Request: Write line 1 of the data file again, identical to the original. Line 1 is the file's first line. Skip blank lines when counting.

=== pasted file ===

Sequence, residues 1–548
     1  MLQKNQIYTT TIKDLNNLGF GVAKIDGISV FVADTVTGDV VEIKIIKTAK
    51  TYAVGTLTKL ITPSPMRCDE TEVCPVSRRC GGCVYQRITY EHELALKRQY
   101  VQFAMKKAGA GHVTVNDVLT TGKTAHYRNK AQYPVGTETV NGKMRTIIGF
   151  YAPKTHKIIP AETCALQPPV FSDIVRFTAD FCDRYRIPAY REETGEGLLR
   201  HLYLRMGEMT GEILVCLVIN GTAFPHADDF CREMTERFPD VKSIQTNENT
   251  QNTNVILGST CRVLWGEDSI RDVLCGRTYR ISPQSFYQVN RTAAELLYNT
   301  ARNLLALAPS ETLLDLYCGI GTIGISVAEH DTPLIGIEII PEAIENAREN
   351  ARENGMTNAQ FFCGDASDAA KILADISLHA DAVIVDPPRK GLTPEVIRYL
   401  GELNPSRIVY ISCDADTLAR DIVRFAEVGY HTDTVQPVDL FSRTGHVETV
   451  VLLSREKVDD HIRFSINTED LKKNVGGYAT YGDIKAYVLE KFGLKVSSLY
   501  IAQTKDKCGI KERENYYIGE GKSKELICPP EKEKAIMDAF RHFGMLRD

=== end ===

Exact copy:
Sequence, residues 1–548